Russia has replaced the head of its space programme, Vladimir Popovkin.
The move follows a series of setbacks including an unmanned rocket that crashed and exploded seconds after lift-off.
Oleg Ostapenko, who was previously a deputy defence minister, was appointed the new space chief by prime minister Dmitry Medvedev.
Prior to his ministerial role, Ostapenko served as commander of the military's space forces.
Speaking to Mr Ostapenko, Mr Medvedev said: "You've been engaged in the space industry all your life including at the military posts.
"Now you are set to be involved with space in a slightly different dimension. No doubt that this topic is complex and requires greater attention from the state."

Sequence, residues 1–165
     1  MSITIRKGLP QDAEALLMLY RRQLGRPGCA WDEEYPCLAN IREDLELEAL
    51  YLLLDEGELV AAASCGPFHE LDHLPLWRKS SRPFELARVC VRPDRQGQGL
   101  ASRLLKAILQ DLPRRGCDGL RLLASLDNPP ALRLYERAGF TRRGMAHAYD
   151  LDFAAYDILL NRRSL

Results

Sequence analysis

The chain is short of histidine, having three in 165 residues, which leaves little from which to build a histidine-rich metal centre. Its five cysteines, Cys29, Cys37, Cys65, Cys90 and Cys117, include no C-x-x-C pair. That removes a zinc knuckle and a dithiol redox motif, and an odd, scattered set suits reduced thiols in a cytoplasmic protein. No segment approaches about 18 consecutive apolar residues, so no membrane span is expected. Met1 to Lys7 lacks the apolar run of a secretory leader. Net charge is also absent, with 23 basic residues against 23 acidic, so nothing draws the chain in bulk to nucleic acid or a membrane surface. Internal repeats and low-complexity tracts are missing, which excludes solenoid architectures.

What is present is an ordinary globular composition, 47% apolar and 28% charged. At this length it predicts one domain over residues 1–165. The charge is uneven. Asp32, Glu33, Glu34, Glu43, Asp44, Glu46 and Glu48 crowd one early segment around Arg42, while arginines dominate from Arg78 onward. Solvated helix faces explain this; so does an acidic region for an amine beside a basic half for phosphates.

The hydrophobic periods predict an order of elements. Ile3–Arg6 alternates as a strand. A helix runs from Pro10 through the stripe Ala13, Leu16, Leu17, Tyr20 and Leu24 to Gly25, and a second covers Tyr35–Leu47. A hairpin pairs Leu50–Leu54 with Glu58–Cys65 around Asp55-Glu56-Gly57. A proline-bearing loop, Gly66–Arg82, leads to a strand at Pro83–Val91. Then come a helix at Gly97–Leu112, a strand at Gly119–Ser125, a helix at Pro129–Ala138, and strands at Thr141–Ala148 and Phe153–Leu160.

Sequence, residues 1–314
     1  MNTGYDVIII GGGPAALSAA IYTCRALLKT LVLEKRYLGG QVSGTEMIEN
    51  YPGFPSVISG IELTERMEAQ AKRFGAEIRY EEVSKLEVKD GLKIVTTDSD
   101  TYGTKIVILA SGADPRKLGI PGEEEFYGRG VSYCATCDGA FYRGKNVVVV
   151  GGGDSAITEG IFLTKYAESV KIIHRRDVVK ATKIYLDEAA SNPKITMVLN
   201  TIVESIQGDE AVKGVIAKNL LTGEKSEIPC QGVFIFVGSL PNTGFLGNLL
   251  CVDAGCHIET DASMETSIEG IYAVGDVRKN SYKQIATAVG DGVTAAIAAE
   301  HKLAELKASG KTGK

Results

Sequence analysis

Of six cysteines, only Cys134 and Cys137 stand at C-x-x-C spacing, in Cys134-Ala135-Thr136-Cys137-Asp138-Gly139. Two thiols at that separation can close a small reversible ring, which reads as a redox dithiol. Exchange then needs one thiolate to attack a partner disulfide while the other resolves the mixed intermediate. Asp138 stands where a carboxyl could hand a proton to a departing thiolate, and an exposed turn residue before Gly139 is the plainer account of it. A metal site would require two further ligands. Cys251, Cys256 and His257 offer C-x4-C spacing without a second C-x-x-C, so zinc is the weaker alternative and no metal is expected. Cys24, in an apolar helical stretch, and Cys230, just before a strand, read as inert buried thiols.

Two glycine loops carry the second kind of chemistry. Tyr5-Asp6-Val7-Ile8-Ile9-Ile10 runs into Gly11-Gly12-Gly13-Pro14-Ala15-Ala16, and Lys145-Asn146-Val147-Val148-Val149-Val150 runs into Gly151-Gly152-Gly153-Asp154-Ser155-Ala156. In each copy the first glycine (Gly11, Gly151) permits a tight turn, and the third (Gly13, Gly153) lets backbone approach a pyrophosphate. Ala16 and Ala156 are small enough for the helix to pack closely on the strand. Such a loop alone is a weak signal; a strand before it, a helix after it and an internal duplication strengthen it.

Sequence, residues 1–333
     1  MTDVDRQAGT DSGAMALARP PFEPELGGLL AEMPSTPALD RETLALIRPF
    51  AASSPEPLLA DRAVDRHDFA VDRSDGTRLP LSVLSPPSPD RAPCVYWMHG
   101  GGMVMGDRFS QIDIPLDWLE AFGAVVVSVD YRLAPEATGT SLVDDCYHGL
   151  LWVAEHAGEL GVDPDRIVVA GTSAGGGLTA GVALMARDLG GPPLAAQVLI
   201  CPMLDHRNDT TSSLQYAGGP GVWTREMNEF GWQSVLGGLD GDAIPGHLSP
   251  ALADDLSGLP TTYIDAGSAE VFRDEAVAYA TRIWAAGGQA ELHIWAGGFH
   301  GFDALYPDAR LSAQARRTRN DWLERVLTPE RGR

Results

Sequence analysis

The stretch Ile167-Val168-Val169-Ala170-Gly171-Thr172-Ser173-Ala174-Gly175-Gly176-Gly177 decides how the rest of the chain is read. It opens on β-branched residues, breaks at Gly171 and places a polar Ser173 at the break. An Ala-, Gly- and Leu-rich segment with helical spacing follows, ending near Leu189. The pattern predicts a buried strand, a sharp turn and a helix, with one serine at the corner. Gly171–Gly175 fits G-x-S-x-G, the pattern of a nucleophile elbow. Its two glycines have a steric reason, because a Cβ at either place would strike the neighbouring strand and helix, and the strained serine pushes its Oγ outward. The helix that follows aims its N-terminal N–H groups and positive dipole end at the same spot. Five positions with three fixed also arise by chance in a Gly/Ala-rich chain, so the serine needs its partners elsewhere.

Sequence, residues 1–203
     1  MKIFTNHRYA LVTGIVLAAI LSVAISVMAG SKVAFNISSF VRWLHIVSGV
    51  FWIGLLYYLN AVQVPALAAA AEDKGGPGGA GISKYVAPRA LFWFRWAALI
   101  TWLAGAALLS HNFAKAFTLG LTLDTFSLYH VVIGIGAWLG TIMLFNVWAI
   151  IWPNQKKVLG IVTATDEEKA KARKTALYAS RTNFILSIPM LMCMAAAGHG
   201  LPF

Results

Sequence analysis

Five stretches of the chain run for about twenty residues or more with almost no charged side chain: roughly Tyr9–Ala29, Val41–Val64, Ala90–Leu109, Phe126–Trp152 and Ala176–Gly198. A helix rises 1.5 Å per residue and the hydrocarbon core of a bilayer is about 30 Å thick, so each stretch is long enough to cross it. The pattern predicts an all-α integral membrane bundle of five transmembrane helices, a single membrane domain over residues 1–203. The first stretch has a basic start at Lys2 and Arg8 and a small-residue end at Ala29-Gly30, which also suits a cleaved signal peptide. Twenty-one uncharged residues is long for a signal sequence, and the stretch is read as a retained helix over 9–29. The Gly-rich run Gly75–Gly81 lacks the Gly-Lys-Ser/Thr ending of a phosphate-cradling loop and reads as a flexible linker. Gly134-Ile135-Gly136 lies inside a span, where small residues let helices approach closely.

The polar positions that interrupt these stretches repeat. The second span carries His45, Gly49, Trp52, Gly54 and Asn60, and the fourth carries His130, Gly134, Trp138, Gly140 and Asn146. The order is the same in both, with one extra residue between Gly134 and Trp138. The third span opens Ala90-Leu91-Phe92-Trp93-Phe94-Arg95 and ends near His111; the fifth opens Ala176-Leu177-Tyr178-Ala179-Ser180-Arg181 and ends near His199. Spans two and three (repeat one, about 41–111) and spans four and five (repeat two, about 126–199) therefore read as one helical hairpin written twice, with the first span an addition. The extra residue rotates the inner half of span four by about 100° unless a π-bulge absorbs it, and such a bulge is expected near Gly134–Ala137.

The outgoing Vladimir Popovkin had been in the role for two-and-a-half years. He was appointed in April 2011 during a time of difficulty with the country's space programme. Russia had lost three satellites when a rocket crashed into the Pacific Ocean.
Mr Popovkin had pledged to improve manufacturing standards and quality checks, but he struggled to deliver.
His time as head was marked by embarrassments including the explosion of an unmanned Russian Proton-M rocket, crashed after its launch from the Russian Baikonur facility in Kazakhstan.
The accident was captured live by Russian television in July and the crash spread hundreds of tonnes of toxic rocket fuel.
Other countries still depend on Russia to launch manned rockets to the International Space Station.